By Shane Dale for Casa Grande Dispatch
All Sister Martha wanted was a preschool building for a community without a pre-K option.
Shea Homes answered that prayer, along with other prayer requests — even some that were never made — for St. Peter Indian Mission School on the Gila River Indian Community in Bapchule.
Shea Homes fulfills requests from impoverished schools around the country. Last year, St. Peter, along with three other Catholic schools, was invited by the Roman Catholic Diocese of Phoenix to submit a renovation proposal to Shea.
“What we wanted above all was a preschool. It’s been on our list for years,” said Sister Martha, who teaches St. Peter’s 26-student junior high class. “So, I put that down as our first wish.”
St. Peter’s classrooms were made of adobe when the Franciscan fathers founded the school in 1923. Sister Martha wasn’t around back then, but she has a long history with the school, beginning in 1971 when she was sent there to teach third and fourth grades on her first-ever mission.
In 2014, St. Peter remained preschool-less, unable to serve some of Gila River’s youngest members. Sister Martha looked at Shea’s philanthropy as a chance to change that, even though she was told her request would be a long shot.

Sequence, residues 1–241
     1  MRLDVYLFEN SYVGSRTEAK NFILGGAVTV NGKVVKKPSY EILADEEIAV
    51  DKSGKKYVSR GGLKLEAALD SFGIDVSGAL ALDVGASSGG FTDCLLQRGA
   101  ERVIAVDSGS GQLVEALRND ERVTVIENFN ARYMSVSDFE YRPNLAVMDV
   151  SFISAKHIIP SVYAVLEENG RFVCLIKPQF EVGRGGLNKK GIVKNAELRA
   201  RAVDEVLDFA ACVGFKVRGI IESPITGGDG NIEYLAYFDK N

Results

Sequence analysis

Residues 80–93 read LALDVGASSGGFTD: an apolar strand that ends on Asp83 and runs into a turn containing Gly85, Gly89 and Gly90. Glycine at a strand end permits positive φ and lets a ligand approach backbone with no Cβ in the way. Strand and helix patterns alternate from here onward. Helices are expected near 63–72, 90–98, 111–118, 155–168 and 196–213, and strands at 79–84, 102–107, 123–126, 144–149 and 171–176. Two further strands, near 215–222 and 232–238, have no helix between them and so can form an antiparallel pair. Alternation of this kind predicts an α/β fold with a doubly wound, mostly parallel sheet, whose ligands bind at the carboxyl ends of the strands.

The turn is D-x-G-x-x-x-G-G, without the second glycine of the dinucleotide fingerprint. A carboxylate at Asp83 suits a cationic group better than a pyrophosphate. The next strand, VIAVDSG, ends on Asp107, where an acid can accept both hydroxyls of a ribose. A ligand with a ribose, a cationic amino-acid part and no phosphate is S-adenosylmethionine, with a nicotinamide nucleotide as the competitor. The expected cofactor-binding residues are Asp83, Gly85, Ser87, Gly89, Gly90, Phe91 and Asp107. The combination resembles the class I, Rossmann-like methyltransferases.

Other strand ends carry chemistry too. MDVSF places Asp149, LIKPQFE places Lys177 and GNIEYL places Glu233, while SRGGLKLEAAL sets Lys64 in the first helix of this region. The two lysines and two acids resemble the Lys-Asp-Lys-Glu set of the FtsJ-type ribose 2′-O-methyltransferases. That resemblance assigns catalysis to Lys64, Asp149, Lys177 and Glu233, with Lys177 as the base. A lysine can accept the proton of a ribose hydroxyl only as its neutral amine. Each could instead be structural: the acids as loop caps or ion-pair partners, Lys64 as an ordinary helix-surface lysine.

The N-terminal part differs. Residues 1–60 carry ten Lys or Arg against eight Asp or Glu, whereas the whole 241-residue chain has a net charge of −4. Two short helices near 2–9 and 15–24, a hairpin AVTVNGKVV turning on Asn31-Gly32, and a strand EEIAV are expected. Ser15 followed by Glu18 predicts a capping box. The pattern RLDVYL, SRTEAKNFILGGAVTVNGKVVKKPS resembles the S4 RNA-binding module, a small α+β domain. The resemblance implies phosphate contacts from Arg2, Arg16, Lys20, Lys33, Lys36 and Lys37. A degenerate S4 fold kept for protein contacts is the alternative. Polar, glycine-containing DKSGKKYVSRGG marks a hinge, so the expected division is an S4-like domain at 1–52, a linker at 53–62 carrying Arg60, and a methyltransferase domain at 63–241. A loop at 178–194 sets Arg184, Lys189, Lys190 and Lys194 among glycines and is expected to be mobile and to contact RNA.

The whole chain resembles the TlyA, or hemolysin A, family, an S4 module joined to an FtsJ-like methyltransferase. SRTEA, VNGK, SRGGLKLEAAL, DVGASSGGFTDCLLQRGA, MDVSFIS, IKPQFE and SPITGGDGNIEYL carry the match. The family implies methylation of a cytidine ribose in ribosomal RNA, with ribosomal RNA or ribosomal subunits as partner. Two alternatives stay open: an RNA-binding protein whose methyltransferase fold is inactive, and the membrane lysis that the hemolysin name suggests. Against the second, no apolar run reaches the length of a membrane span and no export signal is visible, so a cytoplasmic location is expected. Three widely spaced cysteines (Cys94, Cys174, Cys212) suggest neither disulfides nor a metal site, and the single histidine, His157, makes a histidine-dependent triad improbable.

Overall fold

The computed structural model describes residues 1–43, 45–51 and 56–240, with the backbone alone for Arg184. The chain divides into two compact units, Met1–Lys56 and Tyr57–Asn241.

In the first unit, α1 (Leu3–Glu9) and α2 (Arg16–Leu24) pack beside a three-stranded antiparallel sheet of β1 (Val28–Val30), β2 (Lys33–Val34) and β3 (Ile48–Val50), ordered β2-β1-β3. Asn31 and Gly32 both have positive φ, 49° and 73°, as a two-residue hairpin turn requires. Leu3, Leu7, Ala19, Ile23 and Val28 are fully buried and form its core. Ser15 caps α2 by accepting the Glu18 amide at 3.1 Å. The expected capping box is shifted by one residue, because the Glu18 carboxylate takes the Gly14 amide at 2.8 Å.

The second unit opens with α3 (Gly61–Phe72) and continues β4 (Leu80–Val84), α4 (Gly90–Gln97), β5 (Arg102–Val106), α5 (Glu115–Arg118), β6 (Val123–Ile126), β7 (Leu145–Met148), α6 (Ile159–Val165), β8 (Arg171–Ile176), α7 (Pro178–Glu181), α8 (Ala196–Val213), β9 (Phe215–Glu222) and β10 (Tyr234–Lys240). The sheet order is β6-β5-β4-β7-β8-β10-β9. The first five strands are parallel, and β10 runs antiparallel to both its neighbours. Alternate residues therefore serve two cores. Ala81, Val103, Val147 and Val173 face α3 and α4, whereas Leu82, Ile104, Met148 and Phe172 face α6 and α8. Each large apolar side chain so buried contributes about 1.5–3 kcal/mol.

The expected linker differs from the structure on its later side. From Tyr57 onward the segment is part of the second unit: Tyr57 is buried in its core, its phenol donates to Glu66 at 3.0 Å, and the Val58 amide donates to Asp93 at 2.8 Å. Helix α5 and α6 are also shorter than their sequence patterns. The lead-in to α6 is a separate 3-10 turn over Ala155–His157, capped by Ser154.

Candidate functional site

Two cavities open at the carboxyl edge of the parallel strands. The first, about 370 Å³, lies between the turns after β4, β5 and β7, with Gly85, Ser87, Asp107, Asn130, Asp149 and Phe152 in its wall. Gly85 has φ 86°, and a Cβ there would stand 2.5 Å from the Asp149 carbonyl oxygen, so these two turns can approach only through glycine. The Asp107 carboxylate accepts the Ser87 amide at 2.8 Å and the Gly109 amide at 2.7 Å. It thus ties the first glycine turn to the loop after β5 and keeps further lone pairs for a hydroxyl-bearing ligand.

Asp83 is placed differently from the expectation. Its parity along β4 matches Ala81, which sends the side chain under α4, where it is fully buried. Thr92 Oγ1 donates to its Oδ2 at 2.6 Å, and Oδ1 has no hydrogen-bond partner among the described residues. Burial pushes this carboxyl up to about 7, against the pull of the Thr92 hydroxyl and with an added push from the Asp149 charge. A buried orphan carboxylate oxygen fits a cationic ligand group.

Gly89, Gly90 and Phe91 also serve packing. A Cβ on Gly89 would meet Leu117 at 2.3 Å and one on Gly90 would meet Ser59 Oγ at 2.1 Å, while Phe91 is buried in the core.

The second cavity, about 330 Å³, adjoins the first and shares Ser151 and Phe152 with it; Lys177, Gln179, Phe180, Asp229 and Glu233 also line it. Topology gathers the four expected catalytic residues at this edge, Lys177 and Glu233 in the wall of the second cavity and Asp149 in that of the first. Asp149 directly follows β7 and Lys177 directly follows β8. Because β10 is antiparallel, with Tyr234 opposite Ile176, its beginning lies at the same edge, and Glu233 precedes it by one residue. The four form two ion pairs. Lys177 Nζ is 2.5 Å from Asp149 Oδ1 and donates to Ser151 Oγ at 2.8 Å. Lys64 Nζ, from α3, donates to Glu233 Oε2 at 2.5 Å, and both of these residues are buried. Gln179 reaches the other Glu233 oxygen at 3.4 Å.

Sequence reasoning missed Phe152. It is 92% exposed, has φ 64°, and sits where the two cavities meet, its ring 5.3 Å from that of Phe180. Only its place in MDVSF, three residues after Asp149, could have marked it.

Last summer, Shea went to work and created a preschool that included two fully furnished classrooms, bathrooms with kid-sized toilets and playgrounds made specifically with 3- and 4-year-olds in mind.
Along with the preschool, Shea provided St. Peter with a renovated kitchen and cafeteria, expanding the old lunch building from 500SF to 2KSF. Shea replaced the cafeteria’s fluorescent lights with indirect lighting, added a communal sink to allow kids to wash their hands before and after meals, and helped the nuns convert a storage room into a food pantry where they collect food for the needy.
Shea also built a parking lot and sidewalks, repaved the basketball courts, reseeded the soccer field and erected a fence around the entire school. It added touches of blue and gold, the school’s colors, throughout the campus. Shea even put up new signage in front of the school.
Shea completed all of its remodeling and repairs, which cost a total of $2.4M, within 90 days — just in time for the 2014-15 school year.
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